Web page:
In U.S., Few With HIV Have Optimal Care
November 30, 2011
A new estimate released Tuesday by CDC finds that just 28 percent of the 1.2 million people living with HIV in the United States are receiving optimal treatment.
The data provide a new lens for understanding how HIV/AIDS impacts Americans. By incorporating the experience of everyone infected with the virus, including people who do not know they have it and those who cannot or do not access treatment, CDC epidemiologists calculated quality of care -- something no other country has accomplished, an agency spokesperson said.
"We have substantial work ahead to fully realize the benefit of treatment in the United States," said CDC Director Dr. Thomas R. Frieden.
Some 20 percent of Americans with HIV are unaware they are infected, making it more likely they will transmit the virus to others. Among those receiving HIV care, about 77 percent achieve a fully suppressed viral load. Recent research finds patients on HIV treatment are unlikely to spread the infection, prompting CDC to work with physicians and health departments to get people testing HIV-positive into treatment.
Just over 75 percent of people diagnosed with HIV are linked to care within four months, but only 50 percent remain in care. The analysis did not address the high rate of patients who stop treatment.
Slightly fewer women (86 percent) than men (90 percent) are prescribed antiretroviral treatment; 92 percent of whites are prescribed ARVs, compared to 89 percent of Hispanics and 86 percent of blacks. Seventy-six percent of people ages 18-24 are put on treatment, compared with 92 percent of those 55 and older. Full viral suppression was attained by 84 percent of white patients, 79 percent of Hispanics, and 70 percent of blacks.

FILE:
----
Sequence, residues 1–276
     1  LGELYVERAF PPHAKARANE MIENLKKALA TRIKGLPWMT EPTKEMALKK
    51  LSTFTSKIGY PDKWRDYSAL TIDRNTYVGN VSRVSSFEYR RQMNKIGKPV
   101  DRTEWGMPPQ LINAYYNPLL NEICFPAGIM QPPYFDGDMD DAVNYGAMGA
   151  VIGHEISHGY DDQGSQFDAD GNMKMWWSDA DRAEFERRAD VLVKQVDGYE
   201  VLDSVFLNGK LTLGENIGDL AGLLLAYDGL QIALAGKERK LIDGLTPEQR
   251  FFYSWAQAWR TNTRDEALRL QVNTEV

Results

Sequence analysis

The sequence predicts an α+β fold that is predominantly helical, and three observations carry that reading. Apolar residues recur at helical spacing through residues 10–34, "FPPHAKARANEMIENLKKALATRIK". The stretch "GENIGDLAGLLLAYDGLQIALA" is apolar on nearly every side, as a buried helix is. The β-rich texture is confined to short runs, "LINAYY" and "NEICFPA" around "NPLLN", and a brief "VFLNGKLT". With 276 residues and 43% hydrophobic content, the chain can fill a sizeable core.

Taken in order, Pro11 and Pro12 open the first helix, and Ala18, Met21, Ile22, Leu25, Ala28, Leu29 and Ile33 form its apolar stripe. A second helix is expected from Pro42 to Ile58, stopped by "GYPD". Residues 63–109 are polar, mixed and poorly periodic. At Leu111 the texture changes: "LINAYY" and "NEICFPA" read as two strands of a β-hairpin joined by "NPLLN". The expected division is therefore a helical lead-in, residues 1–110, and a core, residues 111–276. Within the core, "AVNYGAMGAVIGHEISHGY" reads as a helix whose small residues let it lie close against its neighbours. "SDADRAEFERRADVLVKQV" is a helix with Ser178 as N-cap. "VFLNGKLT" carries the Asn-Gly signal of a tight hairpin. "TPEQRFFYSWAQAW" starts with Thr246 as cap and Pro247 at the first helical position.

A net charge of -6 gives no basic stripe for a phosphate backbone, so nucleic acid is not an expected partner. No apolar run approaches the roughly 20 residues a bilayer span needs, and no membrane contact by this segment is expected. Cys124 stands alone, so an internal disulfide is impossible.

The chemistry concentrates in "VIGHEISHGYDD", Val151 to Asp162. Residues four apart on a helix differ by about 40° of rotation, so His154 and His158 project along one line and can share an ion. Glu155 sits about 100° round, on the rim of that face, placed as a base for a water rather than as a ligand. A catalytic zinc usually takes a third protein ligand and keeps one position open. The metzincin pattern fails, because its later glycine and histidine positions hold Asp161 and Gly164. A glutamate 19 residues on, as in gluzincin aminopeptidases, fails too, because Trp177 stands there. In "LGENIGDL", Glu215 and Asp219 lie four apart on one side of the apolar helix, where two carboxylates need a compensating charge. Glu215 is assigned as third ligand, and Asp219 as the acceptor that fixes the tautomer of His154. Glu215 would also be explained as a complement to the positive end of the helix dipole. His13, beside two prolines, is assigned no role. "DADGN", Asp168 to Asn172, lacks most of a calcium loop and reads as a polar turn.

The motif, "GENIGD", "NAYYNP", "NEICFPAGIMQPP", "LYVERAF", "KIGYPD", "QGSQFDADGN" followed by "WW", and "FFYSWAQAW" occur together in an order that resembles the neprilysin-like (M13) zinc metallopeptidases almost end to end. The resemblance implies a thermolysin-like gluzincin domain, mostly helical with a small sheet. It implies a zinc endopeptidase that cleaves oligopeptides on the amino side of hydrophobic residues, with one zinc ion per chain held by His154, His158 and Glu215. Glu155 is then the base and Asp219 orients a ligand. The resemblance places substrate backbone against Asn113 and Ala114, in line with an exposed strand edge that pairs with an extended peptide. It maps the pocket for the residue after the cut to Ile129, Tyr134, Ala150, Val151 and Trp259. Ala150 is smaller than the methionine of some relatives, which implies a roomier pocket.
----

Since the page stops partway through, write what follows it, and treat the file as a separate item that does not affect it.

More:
Also on Tuesday, CDC announced a five-year, $359 million annual funding round to states and cities hard-hit by HIV. Recipients must spend three-quarters of each grant on four specific activities; one is getting infected people into care and helping them remain there.
In addition, the agency kicked off a $2.4 million testing campaign targeting young black men who have sex with men.
"Vital Signs: HIV Prevention Through Care and Treatment -- United States," was published in CDC's Morbidity and Mortality Weekly Report (2011;60(Early Release);1-6). For more information, visit: www.cdc.gov/VitalSigns/HIVtesting/index.html.
11.30.2011; David Brown
This article was provided by U.S. Centers for Disease Control and Prevention. It is a part of the publication CDC HIV/Hepatitis/STD/TB Prevention News Update. Visit the CDC's website to find out more about their activities, publications and services.
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